Anti-Racist Activism in London: Exploring Multidirectionality at Commemorations of the Battle of Cable Street and the Murder of Altab Ali

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The paper examines the multidirectional character of commemorations of racist and fascist violence in the London borough of Tower Hamlets. It does so by studying commemorative events taking place in Altab Ali Park in the borough between 2016 and 2018 to address contemporary political issues. Specifically, the study documents the 80th anniversary of the Battle for Cable Street in 1936, celebrated as a local victory against fascist organisations, and the 40th anniversary of the 1978 racist murder of a Bengali textile worker called Altab Ali. Combined, these events illustrate how Holocaust remembrance, anti-fascist movements and anti-racist initiatives are interconnected and draw on one another in meaningful ways. The paper evaluates the value of applying Michael Rothberg's concept of multidirectional memory in understanding commemorations by drawing on textual analysis of local histories and use these to more fully understand commemorative practices. Such an approach reveals both the value of multidirectional characteristics of memory practices to address contemporary issues, while pointing to the difficulties that arise as a result of the selective character of memory practices that may reduce the possibilities of bringing to light the linkages, in the cases discussed between colonialism, the Second World War and contemporary racism.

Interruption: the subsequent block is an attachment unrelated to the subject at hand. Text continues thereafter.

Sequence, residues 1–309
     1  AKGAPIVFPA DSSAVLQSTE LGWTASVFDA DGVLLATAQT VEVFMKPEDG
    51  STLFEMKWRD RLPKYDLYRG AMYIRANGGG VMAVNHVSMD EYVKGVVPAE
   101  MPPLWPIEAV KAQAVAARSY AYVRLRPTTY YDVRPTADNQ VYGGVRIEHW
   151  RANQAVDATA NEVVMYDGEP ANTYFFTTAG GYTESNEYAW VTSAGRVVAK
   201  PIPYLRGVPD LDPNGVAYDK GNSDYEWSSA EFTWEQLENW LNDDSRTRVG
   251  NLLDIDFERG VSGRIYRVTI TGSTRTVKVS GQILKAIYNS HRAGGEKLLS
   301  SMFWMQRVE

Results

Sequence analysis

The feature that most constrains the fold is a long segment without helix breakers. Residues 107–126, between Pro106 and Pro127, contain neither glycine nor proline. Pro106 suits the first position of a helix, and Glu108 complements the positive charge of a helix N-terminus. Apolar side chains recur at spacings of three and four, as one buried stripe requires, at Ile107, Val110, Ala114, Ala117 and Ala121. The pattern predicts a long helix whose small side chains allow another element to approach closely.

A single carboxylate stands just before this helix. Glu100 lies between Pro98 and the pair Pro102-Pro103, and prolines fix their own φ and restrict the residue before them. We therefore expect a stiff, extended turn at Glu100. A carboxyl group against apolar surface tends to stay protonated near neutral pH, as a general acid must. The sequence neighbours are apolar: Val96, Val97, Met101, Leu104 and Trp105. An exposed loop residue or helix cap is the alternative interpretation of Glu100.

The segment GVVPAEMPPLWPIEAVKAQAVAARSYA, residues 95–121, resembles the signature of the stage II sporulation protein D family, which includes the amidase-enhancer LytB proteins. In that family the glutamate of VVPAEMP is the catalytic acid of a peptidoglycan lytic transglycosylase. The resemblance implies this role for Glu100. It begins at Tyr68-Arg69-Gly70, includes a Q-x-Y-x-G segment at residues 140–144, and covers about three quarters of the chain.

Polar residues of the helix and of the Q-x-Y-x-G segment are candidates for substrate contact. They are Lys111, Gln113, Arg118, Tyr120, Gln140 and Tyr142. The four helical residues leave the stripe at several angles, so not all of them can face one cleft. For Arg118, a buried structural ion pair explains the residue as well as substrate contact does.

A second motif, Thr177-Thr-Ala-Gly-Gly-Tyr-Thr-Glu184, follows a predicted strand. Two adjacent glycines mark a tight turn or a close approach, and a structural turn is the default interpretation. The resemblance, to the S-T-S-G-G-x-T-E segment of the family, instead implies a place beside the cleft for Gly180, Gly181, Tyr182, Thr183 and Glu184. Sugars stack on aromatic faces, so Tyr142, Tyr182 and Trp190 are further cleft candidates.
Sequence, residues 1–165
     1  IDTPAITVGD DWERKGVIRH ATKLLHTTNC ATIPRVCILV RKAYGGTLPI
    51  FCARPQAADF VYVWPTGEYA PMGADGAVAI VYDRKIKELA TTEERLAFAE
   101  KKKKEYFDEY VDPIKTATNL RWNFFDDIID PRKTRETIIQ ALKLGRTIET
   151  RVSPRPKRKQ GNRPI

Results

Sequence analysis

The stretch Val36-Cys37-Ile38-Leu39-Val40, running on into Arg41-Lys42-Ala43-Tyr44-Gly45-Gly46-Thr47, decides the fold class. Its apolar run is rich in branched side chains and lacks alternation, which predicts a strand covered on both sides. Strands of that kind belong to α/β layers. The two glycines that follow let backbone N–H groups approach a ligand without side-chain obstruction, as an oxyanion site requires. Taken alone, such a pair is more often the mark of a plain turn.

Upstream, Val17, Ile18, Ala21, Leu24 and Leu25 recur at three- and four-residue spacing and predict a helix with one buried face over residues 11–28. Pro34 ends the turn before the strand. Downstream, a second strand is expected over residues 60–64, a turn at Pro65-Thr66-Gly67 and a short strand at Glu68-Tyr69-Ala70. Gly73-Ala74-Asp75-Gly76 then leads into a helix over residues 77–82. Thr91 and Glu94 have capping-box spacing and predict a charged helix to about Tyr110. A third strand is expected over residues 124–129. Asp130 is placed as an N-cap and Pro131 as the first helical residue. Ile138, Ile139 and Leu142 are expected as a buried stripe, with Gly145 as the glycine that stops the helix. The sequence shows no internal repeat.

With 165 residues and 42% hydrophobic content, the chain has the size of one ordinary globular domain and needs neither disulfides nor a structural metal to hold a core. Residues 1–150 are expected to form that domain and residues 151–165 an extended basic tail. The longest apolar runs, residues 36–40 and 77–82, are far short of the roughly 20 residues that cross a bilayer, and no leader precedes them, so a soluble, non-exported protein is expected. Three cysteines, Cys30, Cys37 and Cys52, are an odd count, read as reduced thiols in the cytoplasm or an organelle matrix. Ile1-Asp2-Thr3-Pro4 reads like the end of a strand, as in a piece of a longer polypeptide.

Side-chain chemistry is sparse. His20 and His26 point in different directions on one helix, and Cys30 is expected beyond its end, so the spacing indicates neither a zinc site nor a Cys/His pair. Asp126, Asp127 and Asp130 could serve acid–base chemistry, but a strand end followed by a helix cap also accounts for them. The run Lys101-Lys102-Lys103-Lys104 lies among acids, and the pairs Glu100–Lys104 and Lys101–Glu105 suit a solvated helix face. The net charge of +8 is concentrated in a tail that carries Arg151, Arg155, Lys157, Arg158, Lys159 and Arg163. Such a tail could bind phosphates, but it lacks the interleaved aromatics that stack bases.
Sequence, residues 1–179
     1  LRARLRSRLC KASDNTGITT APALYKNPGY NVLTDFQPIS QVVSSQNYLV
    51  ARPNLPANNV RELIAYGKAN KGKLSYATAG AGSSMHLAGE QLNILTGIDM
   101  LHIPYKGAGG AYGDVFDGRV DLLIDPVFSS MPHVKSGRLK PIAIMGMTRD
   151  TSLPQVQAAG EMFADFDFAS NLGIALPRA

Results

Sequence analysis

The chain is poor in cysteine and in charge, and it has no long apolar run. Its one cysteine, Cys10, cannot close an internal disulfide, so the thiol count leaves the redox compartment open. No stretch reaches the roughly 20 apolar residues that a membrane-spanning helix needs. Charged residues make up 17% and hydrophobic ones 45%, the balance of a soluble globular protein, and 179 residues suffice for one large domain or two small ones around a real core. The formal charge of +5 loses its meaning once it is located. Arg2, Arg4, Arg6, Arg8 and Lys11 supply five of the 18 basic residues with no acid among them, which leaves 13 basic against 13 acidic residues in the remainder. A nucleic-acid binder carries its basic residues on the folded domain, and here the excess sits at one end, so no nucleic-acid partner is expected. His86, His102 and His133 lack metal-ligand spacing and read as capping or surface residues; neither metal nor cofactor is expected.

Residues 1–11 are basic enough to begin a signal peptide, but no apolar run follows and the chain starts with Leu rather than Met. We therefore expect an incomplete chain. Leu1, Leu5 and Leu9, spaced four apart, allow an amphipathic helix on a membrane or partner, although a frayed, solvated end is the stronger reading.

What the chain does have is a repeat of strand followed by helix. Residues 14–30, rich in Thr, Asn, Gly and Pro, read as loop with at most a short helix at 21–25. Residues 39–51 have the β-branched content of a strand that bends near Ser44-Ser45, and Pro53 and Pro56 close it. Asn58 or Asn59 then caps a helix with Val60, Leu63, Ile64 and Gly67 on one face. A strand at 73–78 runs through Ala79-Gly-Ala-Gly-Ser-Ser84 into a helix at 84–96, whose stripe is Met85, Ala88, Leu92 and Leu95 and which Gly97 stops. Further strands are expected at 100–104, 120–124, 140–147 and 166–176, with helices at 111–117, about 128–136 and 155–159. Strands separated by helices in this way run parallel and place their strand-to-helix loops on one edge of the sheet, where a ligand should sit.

Original languageEnglish
JournalJournal of Intercultural Studies
Volume41
Issue5
Pages (from-to)623-637
Number of pages15
ISSN0725-6868
DOIs
Publication statusPublished - 2020

    Research areas

  • Altab Ali, Battle of Cable Street, Multidirectional memory, fascism, racism

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